With President Obama winning, Is Fixed Income, Forex and equities hung over?

The pressure is on. Now that the world got what was predicted, investors have been able to ‘sell the fact’ in the O/N trading session. President Obama optically will have to appease markets, consumers and world leaders even before he enters office, as global economies hang in the balance. Let’s see what North America wants to do after last nights late festivities.

The US$ is stronger in the O/N trading session. Currently it is higher against 14 of the 16 most actively traded currencies, in a ‘whippy’ trading range.

FX Heatmap November 5th, 2008

Yesterday’s US factory orders did not surprise the market. Global fundamental data is weak and will continue to be for many a quarter. Capital markets price action suggests that the world is a better place from last month at least, endorsed by libor rates continuing to come off hard. The USD got smacked as traders believed it was a temporary relief rally for the ‘carry trade’ that had been black- balled for so long. No one believes yet that the current euphoria will find permanent traction, but in this environment, who known’s. All of the weakness in factory orders was due to a large drop in non-durable goods orders (-5.5%), while durable goods orders actually rose +0.9% (usual suspects defense and aircraft). Core-orders fell -1.0% and new orders fell -2.5% in Sept., but, even worse, ex- transportation, total new orders fell -3.7% (largest decline in 16-years), as firms continue to trim investment due to persistent economic uncertainty. Durable and non-durable goods shipments fell in Oct. while non-durable inventories declined for the first time since April largely due to a drop in petroleum and coal products (-8.3% m/m). Fed’s Fischer said yesterday that ‘the impetus for rising prices has come to a grinding halt as the credit crisis took grip and confidence evaporated’. This can only be good for the Fed, further ammo to keep rates low for some time and eventually boost growth.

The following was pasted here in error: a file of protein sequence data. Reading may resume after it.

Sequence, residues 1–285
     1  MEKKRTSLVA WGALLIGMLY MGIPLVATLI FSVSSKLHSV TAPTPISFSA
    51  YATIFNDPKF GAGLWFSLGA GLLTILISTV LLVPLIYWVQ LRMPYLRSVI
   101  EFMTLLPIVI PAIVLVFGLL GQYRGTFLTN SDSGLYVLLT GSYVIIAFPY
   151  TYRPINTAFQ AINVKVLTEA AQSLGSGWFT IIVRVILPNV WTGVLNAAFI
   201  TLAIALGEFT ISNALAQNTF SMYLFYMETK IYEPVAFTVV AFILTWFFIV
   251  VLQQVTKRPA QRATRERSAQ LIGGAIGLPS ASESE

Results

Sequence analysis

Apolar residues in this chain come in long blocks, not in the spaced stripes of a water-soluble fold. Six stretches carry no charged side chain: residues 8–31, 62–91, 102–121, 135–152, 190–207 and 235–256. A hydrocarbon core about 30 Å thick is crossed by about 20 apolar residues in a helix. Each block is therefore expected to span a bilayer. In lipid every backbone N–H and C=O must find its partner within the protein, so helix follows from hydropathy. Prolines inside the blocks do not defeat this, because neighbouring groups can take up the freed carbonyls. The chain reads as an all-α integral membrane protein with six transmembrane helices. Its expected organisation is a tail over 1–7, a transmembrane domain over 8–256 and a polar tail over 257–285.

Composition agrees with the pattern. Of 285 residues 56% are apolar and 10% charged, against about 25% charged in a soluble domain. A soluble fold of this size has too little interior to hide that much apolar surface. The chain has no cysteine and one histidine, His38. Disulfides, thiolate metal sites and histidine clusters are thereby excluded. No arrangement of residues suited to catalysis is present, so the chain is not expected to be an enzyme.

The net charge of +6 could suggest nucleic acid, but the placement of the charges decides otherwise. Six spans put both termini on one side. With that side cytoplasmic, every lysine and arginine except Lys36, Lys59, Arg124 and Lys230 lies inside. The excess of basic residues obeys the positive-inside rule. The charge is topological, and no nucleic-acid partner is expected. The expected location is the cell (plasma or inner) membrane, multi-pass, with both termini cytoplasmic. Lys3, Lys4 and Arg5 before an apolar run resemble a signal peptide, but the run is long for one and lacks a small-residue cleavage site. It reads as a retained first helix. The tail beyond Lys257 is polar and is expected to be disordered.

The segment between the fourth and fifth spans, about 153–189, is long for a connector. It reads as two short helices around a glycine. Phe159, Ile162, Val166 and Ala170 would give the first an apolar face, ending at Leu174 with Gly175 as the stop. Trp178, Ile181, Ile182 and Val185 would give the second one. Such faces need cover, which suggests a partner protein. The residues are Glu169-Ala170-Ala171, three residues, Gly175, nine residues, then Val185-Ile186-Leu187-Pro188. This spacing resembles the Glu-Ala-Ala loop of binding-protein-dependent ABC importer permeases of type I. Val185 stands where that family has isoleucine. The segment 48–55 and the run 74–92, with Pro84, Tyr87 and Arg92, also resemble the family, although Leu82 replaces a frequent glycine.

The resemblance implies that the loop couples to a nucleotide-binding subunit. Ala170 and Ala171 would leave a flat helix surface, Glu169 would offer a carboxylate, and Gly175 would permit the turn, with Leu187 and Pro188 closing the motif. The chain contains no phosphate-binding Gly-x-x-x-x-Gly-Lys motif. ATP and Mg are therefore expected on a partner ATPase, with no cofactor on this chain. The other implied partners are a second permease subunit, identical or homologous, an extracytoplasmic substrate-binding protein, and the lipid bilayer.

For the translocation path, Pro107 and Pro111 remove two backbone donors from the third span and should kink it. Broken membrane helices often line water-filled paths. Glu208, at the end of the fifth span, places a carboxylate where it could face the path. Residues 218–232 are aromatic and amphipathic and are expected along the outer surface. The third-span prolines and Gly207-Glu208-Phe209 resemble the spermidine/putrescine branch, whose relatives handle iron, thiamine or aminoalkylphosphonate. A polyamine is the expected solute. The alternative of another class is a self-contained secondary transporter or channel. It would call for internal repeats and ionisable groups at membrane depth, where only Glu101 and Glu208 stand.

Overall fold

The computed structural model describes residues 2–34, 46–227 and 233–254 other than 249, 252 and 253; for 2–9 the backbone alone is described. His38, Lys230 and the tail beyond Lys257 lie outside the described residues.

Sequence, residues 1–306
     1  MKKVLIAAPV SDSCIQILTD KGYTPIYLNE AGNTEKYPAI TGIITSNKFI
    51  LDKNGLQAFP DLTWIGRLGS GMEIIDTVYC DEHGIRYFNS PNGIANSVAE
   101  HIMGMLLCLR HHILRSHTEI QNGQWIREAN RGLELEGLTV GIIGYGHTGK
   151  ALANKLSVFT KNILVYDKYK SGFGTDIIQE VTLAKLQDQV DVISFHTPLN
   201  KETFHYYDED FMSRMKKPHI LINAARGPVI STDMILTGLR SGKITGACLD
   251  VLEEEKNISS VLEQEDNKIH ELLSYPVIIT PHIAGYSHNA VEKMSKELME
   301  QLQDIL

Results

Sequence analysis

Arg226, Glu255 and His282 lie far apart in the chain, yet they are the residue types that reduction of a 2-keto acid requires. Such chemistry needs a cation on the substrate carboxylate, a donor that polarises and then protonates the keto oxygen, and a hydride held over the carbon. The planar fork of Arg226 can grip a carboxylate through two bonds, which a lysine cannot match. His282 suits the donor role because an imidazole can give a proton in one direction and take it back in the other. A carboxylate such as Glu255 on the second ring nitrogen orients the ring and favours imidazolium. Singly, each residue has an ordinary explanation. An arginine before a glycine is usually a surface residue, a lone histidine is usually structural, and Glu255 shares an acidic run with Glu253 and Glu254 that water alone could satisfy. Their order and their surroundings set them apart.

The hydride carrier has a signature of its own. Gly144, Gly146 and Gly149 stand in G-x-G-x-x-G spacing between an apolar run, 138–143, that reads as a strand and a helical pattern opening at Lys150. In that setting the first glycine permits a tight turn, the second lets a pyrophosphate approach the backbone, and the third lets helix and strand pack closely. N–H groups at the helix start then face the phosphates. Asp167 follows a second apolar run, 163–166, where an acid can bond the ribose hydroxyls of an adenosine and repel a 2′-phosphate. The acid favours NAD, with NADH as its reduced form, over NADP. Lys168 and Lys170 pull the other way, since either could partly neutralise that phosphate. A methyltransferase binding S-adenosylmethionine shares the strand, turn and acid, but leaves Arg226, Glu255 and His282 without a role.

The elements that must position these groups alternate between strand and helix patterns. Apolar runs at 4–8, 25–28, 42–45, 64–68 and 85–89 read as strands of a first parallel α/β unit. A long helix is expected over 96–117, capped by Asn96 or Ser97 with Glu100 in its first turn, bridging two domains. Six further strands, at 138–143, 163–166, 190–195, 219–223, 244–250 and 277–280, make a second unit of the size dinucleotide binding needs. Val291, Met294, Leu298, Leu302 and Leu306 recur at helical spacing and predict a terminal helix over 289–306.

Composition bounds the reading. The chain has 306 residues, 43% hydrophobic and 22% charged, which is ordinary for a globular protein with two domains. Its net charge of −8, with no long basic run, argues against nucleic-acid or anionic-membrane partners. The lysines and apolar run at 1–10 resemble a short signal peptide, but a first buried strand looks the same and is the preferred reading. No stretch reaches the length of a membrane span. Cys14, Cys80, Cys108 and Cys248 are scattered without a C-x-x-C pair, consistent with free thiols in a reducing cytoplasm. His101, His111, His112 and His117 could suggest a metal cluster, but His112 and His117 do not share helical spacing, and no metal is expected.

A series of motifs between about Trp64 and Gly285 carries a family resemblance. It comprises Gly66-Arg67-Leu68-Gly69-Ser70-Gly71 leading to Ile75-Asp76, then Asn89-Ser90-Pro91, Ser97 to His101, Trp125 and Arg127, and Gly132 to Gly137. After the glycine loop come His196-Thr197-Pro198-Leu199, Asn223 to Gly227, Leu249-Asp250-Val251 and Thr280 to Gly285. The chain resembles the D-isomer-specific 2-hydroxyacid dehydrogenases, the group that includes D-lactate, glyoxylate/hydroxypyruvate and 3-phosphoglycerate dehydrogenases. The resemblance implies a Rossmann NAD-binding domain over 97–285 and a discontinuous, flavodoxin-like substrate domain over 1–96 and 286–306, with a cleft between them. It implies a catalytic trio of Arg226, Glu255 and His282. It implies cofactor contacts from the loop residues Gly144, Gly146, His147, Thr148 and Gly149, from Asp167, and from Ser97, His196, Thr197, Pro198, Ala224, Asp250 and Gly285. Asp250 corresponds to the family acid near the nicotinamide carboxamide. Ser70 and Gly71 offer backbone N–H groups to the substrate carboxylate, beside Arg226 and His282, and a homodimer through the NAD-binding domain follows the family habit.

The US$ currently is higher against the EUR -1.15%, GBP -0.95%, CHF -0.49% and lower against JPY+1.36. The commodity currencies are mixed this morning, CAD +0.08% and AUD -0.24%. The loonie managed to print a three week high yesterday, as a positive move in equities managed to convince investors to ‘strap on more risk’. Psychologically, investors are happy to have left Oct. and have entered a new month. Combining last weeks gain, the loonie is now only down 9% this quarter. With the credit markets continuing to unclog themselves, renewed optimism is favoring the loonie after printing last weeks technically oversold levels (1.3014). Commodities printing new weekly highs of course will favor any commodity currency. Interest rate differentials (ECB and BOE), global equities and commodities are expected to provide further support for the currency this week, despite the slew of weaker global fundamental data. Talk of the Teck- Cominco/ Fording Canadian Coal Trust being covered piecemeal also provided some temporary support for the currency. The theme of last week, too far, too fast was definitely a concern, traders continue to see better levels to own the currency despite the strength of the one directional play. Now that the Fed eased 50bp, it’s anticipated that the BOC will need to extend interest-rate cuts (2.25%) in the face of slowing economic growth.

The AUD dollar, like most high yielding currencies managed to print two-week high yesterday as US equities posted their biggest Election Day rally in a couple of decades. As in most cases, the advance has been too far too fast. In the O/N session, with global equities retreating on earning announcements, investors have been happy to unwind some of the carry trades entered yesterday. Investors continue to be better buyers on pull backs and will wait to see what both the ECB and BOE have in store for the market (0.6874).